I have to agree with Ian – this is a good start, but for a professional there are many other costs involved. I have a website which involves a lot of maintenance and constant updates, I regularly pay for advertising, I have boxes to pack and ship, I spend time procuring material, I do daily dye pots, and there is constant accounting. I put in well over a 40 hour week – often working 7 days a week to keep my website fresh. I spend a lot of time corresponding with my customers. I do very labor intensive yarns that require a lot of stop and go spinnning. I have energy costs for doing dye pots and spinning out and drying fibers. $10 per hour is barely above minimum wage. I could not live on $5/100yards of yarn produced.
And these are very important things to consider when you’re getting into a business selling your handspun yarn — there are many more costs associated with doing so than simply producing the yarn. Here’s an excerpt from an older post, talking about the hours I try to keep; as you can see, production is actually a small piece of the pie:
For January, leaving aside sick days, I’m figuring on something like this for a division of work:
* Production: 12-24 hours
* Operations: 10-12 hours
* Development: 12-20 hours
Total work hours in a typical week: 32 – 56.
Production is things like dyeing silk, or producing yarn and fiber for sale.
Operations is stuff like packing, shipping, inventory, accounting, routine correspondence.
Development is writing, patterns, product testing, market research, and some correspondence.
Both production and development have strong risks of slopping over into my personal life; in some cases this is acceptable and in other cases, it’s not — but that’s a whole new range of stuff to talk about, best left for another day. For now, suffice it to say I’m figuring a slack week is 30-some-odd hours of work, a busy week maybe as much as 60; with average weeks somewhere in the “around 40 work hours” range. The big tricky issue for me, really, is how to limit time and be focused; I have a tendency to just work nonstop, whatever I’m doing, and that’s what needs controlling most in my life.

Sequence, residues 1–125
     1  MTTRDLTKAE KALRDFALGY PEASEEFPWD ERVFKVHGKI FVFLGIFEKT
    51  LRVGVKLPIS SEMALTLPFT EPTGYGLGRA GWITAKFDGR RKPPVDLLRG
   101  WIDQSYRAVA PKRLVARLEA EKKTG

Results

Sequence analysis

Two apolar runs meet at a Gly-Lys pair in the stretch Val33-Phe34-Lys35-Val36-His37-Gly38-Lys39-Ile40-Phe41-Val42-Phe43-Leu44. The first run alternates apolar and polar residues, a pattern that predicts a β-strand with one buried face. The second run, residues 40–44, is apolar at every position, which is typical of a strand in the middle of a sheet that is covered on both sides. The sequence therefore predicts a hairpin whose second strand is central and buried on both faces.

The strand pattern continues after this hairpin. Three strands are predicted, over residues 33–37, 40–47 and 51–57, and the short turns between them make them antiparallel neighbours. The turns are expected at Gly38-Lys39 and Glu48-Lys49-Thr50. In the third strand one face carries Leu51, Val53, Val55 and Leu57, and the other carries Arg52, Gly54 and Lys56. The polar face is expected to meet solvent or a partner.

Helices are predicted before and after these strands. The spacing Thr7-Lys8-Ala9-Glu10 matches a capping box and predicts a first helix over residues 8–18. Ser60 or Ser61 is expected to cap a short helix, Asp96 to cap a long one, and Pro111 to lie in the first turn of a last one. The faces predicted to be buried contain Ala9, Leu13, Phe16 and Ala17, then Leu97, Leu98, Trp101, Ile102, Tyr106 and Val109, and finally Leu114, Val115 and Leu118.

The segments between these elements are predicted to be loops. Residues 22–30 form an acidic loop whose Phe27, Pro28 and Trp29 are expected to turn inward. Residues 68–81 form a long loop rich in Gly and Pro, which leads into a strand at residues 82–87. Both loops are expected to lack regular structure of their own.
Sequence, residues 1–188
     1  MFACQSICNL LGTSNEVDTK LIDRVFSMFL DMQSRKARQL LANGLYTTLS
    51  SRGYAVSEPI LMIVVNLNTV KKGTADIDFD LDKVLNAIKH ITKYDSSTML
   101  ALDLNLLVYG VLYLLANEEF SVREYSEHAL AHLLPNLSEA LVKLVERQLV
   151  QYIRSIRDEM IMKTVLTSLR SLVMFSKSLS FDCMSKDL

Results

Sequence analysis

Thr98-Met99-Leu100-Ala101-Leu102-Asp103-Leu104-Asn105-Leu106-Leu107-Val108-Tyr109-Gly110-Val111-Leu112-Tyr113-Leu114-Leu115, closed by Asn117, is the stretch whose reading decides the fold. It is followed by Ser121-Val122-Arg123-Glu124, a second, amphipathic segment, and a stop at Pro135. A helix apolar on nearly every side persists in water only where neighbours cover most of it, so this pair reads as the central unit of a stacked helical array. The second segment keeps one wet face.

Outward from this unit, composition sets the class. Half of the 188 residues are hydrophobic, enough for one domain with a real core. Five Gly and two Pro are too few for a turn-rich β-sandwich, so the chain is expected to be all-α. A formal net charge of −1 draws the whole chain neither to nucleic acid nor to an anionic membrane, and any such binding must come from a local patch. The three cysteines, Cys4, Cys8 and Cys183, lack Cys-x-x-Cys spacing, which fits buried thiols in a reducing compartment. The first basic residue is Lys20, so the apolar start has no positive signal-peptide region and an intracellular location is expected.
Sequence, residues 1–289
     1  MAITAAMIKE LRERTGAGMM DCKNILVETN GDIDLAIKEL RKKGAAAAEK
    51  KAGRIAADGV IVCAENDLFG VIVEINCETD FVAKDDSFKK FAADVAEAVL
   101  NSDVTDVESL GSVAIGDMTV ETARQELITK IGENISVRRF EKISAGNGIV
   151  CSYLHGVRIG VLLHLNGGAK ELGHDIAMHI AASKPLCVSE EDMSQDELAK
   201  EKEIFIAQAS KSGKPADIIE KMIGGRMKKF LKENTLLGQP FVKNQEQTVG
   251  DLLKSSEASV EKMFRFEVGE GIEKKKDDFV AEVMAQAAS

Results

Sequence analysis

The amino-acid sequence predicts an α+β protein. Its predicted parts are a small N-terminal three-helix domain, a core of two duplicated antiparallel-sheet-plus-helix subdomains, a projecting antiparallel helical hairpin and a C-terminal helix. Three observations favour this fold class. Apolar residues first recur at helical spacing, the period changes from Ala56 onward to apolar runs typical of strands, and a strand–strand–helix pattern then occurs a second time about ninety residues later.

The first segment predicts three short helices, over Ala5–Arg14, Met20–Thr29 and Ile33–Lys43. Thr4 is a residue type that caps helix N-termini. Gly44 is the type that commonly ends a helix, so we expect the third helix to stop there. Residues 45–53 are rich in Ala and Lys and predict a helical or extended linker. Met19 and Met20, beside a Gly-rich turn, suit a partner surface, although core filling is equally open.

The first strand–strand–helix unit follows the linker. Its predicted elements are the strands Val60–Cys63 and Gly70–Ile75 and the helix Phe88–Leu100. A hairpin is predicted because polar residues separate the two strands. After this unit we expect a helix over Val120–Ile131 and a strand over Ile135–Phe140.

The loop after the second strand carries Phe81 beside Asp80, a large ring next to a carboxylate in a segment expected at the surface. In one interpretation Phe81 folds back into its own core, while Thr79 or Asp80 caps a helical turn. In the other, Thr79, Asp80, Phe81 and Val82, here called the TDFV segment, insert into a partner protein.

I suppose that in my earlier article, I shied away from coming right out and saying this, so here goes:
I believe it’s unethical to pay less than a living wage for handwork. I believe that doing so for textile goods has a long and established history which people simply accept to a much greater degree than they do for other, non-textile goods. And I believe that in large part, this is possible because so many people will sell their textile goods at a loss. It’s my opinion that doing so is not only not a good business practice, but beyond that, actually harmful. Why? Because if you do it, you’re making products available for less than it costs to produce them, contributing to the problem mentioned above where people don’t know the value of a textile good, driving down prices, negatively impacting the market, and exploiting yourself. And that’s just for starters! So really think about your pricing and the market and your impact on it when you get to selling your handmade textile goods, and don’t just let a market of buyers for mass-produced goods talk you into treating yourself like a stereotypical “sweat shop” garment worker.